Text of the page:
June 21st, 2003

Smells Like What?

See, here's the thing: I went out and bought Nirvana's Nevermind shortly after it came out, and I thought it rocked, but, at the time, I don't think I really appreciated the effect it was having on the entire popular music scene. It's only been within the past few years that I've really gained an understanding for the epic scale of the changes it wrought.

High school, the year Nevermind came out -- my friend Joe seemed to invariably be the host each evening, and the evening would consist of some subset of pool, music, and random philosophical musing depending upon which crowd had been drawn. The pool was pretty non-competitive, the musings rather pointless, and the music was just about always Nevermind. I remember thinking that it was getting a bit overplayed, and offending Joe by opining such.

College, sophomore year -- Nevermind had already been out for, what, three or four years. My roommate Virgil and I are hosting a couple of prospective students as they attempt to decide on a school during the Northeastern open house weekend. I remember very little about them; they were a couple of black kids from the city, and we had little to nothing in common. They were polite and friendly, but we ran out of topics to talk about rather quickly. We decided to play cards -- they were rather big fans of Spades, as was Virgil, and I could hold my own -- and they picked out a CD while I shuffled.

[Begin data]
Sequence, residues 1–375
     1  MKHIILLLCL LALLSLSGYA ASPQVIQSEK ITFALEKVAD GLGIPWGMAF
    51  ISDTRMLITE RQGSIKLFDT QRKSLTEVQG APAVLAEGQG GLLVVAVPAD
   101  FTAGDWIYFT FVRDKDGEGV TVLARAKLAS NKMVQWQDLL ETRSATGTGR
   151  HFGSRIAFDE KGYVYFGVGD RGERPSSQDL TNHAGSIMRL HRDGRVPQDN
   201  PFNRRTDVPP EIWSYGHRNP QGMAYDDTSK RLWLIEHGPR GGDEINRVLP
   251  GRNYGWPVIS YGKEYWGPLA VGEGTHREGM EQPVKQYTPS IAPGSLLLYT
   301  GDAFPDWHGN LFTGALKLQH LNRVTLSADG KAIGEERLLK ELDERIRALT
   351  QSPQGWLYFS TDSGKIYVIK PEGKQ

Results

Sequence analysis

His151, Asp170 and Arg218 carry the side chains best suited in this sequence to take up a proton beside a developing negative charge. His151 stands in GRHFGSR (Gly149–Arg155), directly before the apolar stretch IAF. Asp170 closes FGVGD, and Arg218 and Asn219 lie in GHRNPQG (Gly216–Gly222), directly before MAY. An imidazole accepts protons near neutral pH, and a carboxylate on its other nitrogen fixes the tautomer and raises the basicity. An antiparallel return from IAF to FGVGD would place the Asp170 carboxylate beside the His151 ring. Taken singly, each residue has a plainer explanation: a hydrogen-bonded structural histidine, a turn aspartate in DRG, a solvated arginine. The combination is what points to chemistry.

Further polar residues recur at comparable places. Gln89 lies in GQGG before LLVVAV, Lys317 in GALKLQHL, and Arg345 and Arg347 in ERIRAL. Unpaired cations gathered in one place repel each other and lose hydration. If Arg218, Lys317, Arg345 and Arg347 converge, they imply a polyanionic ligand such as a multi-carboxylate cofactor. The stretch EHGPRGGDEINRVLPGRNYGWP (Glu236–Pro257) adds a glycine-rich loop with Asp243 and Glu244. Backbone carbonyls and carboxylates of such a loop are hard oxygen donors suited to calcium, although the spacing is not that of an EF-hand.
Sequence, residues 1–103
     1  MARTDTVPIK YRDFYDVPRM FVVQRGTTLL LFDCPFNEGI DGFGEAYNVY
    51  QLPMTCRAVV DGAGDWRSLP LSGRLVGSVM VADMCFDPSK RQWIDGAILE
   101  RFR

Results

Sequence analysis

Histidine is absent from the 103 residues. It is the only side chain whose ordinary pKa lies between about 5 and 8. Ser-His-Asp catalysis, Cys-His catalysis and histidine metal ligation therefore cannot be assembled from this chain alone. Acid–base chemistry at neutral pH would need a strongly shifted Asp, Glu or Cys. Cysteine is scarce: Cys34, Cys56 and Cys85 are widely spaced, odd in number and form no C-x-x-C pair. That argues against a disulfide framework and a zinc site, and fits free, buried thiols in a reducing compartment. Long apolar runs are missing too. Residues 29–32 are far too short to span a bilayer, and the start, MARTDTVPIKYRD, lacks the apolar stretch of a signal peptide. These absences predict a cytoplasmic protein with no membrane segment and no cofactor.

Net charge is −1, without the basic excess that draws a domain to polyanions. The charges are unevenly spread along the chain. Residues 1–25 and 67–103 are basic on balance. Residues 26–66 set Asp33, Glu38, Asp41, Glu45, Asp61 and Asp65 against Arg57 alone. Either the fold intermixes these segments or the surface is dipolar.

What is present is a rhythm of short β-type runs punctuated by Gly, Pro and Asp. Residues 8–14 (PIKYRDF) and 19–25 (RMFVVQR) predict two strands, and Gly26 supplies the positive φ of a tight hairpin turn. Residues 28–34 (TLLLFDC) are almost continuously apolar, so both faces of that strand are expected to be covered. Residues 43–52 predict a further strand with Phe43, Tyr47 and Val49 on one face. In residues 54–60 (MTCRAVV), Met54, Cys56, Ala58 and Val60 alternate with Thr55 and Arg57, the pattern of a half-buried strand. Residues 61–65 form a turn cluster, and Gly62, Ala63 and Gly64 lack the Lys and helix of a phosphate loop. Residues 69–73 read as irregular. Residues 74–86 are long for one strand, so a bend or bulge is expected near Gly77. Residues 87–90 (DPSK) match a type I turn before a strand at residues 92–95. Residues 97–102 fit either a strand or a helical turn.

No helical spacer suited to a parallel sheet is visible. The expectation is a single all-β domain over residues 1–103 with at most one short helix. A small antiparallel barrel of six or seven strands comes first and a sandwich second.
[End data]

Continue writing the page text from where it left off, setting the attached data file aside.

You could tell they were coming up empty until they hit Nevermind -- then they seized upon it and both commented upon how much they loved it. We listened to it and played cards and had a blast for the rest of the night.

There are countless other images the record conjures up when I hear it, but today I'm most impressed by the lyrics themselves:
With the lights out it's less dangerous
Here we are now; entertain us
I feel stupid and contagious
Here we are now; entertain us
It's like Kurt Cobain distilled the pathos and self-effacing cynicism of my generation down into lyric form. With the lights out, brains off, TVs on: entertain us, indeed.

VH1's top 100 songs of the past 25 years ranked Smells Like Teen Spirit number one, and, today, with a bit of distance and perspective, I think they just might be right. It certainly altered the sonic landscape, with ripples that are still influencing composrs today.
  • Current Music
    Computer Hum

Two Excellent Quotes from Daniel Pinkwater

I love this exchange:

Daniel Pinkwater: I have no evidence that people who have stopped being kids are able to like my stuff--but many people who are old in years do.

Neil Gaiman: Would you mind if I extracted from our correspondence in my journal? I think your last comment is extremely wise.

Daniel Pinkwater: Extract away. But I have not yet made my last comment.
  • Current Music
    Computer Hum